Sweden's Princess Madeleine, who copes with dyslexia, is writing a children's book, proving that she's a total badass
Sweden’s Princess Madeleine is getting ready to add another title to her resumé: author.
The royal mom, who copes with dyslexia (like her brother Prince Carl Philip and elder sister Crown Princess Victoria), said in a new interview that she is using her time in London to write a children’s book.
“I’m working on a separate project, my book project,” she told the Swedish newspaper Expressen. “It’s a children’s book. You’ll see what is is soon. At the moment all I can say that it will be fun.”
Princess Madeleine has two children with her financier husband Chris O’Neill: Princess Leonore, who will turn 3 on February 20, and Prince Nicolas, who will be 2 in June. She spoke about their own reading habits on Tuesday at the opening of Room for Children, a Nordic-style children’s library at London’s South Bank Arts Center.
“Previously Leonore had not really had the patience, but now [she wants] more and more books, which is great fun,” she said. “It is a cozy moment you have together. There will of course Pippi in the beginning.” As for Nicolas, “he has always loved books! So when you cannot find him . . . he crept up in a chair and is sitting with a little book himself. He will probably be a bookworm!”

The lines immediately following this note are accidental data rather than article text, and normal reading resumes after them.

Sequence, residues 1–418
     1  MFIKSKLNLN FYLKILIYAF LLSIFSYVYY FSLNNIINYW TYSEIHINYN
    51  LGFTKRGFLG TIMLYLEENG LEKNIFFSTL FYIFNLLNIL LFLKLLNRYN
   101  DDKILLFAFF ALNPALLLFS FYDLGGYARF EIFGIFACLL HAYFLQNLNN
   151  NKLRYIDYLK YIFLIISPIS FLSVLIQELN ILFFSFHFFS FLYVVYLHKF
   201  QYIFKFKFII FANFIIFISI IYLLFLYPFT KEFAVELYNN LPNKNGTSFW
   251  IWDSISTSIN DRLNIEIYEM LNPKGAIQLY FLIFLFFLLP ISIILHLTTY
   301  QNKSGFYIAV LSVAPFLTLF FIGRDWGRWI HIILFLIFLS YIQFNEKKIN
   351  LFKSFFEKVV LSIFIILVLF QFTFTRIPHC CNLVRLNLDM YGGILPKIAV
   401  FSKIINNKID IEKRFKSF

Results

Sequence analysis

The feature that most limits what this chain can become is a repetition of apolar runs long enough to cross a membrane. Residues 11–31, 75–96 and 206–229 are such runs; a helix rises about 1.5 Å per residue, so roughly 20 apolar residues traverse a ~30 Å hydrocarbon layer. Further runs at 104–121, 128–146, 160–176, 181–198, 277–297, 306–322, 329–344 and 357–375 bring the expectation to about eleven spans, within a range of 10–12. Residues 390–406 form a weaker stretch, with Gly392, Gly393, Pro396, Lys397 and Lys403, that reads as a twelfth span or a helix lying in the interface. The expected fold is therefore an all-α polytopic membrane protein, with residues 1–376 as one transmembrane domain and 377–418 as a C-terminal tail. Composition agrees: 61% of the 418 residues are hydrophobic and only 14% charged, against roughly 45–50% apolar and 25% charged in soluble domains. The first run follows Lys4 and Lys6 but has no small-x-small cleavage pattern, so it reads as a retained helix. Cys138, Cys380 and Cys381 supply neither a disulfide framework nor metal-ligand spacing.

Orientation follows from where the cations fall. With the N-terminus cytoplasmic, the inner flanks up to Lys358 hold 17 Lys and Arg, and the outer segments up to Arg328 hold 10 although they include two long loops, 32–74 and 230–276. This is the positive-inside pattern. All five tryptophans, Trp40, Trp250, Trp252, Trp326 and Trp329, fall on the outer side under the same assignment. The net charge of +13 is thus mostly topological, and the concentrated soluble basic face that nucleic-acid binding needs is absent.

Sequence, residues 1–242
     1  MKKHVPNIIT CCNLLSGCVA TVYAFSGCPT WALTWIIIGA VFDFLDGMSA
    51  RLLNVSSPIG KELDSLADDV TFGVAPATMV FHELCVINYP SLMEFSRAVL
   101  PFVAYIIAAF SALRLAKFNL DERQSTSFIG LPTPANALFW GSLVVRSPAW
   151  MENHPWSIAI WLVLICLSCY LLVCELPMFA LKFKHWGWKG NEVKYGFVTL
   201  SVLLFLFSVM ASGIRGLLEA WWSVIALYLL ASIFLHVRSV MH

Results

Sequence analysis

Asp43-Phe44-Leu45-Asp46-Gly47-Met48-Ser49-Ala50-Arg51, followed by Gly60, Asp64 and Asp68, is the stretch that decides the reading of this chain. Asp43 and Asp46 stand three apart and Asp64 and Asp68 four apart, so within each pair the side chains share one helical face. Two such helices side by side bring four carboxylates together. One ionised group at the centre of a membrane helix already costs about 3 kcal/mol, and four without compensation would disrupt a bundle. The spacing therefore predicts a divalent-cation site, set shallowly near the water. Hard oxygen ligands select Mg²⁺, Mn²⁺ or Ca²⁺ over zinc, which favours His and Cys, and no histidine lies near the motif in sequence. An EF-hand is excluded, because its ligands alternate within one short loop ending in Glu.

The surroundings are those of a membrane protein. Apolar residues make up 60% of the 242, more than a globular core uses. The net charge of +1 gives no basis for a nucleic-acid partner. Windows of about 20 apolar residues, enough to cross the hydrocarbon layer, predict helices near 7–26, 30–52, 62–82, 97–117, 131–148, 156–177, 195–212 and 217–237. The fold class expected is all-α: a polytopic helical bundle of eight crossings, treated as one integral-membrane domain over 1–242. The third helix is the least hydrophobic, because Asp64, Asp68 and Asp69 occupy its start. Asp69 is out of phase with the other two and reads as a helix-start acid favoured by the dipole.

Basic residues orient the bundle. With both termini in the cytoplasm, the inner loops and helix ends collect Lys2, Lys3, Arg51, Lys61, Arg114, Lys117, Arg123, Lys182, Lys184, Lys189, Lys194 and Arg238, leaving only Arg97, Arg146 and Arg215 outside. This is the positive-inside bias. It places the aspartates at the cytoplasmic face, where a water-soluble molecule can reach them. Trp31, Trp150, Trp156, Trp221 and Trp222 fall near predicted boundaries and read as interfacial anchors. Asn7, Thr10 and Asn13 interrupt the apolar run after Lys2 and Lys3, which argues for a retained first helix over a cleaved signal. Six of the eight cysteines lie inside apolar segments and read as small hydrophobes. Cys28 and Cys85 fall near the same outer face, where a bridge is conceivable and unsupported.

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“Books are incredibly important. They open up your imagination and you learn a lot,” she said after inaugurating the new room by reading Scandinavian-themed stories to a group of local elementary school children.
The princess, 34, said she and her family are “thriving” in London, where they have been based since 2015, while noting, “obviously we miss Sweden.”
“We’re all very happy in London right now,” she told Expressen. “This is where Chris works and has his business. But it’s not set in stone that we will be here forever.”
She also addressed the pressures O’Neill has experienced as a royal spouse. (The pair married in 2013.)
“I think he understands more and more how to handle it,” she said. “It was a bit difficult in the beginning. He is much of an emotional person, so it was a little difficult at first. But now I think he handles it very well. But there’s a difference now that we live here in London, for it is not the same pressure when going down to the city and do something.”
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At the same time, she added, “Chris likes to be in Sweden, he has many friends there, and he likes the Swedish culture and food. So I absolutely believe that we will end up in Sweden to end. It’s just a question of when.”
The family may well have an opportunity to return home when Princess Leonore turns six, when she is expected to formally enter the Swedish school system for the first time.
This article originally appeared in People.